contractors notice of determination was valid. The trial judge held it was and
the employer appealed on the basis that if the notice default in May 2005 was
valid, the contractor had waived its right to rely on it either (i) by giving
notice specifying a default in January 2006, rather than giving notice to
determine the contract on the basis that the default in January was a repeat of
the earlier specified default; or (ii) by referring in the July 2006 notice to the
January default and not to the May 2005 default.
Lloyd LJ for the Court of Appeal rejected (i) above, holding that there was
nothing to prevent a contractor using the default procedure cumulatively. As
regards (ii) above, Lloyd LJ characterised the argument as one of pure
waiver.

He held that nothingsuggests to me that pure waiver could

operate so as to preclude Brown from relying on the earlier notice of default


despite not having mentioned it in the notice of determination. The examples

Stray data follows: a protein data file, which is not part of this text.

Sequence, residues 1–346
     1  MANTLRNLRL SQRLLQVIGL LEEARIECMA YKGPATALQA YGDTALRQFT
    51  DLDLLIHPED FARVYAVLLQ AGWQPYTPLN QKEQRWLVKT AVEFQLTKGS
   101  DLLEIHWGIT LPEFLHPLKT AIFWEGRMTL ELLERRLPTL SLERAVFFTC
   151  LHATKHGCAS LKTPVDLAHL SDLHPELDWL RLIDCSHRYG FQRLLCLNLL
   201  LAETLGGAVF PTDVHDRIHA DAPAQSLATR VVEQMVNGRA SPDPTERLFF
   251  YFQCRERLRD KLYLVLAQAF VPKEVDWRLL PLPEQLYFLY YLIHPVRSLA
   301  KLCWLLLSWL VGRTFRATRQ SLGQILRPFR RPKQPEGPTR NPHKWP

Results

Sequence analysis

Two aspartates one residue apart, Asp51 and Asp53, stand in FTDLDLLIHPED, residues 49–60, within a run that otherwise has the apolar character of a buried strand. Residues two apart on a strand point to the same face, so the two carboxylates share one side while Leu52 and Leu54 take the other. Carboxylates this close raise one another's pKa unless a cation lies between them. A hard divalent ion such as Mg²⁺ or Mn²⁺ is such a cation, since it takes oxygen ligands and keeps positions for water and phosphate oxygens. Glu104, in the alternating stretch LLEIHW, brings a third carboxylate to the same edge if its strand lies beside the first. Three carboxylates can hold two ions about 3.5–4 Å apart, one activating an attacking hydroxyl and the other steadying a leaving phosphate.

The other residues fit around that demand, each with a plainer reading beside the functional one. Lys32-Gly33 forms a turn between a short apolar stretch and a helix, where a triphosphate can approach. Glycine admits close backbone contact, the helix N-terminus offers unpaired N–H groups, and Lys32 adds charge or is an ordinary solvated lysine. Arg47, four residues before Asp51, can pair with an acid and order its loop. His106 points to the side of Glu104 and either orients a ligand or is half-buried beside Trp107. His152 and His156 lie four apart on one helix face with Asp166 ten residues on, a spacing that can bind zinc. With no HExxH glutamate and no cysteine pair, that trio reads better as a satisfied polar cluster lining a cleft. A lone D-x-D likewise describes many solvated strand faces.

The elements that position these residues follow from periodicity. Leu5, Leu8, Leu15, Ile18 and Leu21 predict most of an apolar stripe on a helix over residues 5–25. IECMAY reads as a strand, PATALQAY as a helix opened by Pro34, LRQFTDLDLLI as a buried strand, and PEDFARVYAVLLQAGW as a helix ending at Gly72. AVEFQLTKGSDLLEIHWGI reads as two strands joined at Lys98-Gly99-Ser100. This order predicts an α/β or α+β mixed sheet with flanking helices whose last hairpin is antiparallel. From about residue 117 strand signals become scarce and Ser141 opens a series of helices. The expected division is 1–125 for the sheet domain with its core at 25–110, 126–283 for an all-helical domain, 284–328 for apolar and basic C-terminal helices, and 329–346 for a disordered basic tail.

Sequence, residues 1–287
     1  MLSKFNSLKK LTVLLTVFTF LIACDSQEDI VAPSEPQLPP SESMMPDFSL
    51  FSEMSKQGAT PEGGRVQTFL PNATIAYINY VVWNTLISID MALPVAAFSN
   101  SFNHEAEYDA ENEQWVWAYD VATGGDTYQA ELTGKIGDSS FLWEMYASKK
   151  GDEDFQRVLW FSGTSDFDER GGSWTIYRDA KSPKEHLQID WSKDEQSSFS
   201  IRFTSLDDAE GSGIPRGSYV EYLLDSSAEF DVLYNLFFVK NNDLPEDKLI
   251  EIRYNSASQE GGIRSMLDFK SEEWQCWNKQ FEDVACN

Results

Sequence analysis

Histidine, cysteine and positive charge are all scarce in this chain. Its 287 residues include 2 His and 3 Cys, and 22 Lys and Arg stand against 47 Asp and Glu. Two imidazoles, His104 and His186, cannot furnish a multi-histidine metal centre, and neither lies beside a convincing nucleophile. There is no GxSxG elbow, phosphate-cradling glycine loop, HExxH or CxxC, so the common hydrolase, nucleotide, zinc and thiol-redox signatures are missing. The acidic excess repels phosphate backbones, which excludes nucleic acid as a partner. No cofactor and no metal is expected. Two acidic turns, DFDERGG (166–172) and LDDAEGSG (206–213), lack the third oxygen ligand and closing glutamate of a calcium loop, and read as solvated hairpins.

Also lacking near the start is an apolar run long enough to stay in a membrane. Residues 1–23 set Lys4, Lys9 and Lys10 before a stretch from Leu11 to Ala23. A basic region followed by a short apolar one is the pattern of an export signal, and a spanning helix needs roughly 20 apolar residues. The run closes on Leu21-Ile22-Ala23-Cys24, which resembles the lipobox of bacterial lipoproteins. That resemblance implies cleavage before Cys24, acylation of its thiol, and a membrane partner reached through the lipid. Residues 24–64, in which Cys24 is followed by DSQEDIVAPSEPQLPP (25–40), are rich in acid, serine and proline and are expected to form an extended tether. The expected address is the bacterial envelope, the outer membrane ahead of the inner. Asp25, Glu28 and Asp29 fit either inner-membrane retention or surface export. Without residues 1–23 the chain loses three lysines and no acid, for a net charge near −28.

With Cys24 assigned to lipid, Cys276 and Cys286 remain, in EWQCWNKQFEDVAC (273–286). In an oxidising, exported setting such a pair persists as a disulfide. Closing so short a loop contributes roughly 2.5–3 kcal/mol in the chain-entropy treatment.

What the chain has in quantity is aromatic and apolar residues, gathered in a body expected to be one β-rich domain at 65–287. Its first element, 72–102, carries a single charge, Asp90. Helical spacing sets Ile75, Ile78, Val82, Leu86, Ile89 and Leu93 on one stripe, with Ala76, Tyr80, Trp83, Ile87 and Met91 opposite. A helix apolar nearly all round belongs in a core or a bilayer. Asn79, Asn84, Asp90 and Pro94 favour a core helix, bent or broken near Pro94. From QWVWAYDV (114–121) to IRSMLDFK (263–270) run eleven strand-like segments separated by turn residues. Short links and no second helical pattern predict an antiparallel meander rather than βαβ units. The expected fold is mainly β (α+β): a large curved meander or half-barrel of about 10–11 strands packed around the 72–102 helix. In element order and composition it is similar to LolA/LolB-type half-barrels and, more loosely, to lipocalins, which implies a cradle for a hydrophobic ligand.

given of pure waiver are all concerned with prospective operation,
discharging a party from future performance of the obligation waived. They
do not relate to waiver of the consequences of past conduct.
Wilken describes pure waiver as the unilateral divesture of certain rights;
The only distinction between pure waiver and waiver by election is that X
had not been put to its election. Therefore, X can expressly or by its conduct
suggest that Y need no longer perform its obligations under the contract.
There is no need for Y to have acted in breach of the contract. Put another,
way, waiver by election is retrospective and pure waiver is prospective.
(Wilken 4.28)

15

D.

Non-waiver clauses
Enterprise Managed Services Ltd v East Midland Contracting Ltd [2007]
EWHC 727 (TCC)
The claimant sought a declaration that the court had no jurisdiction to decide a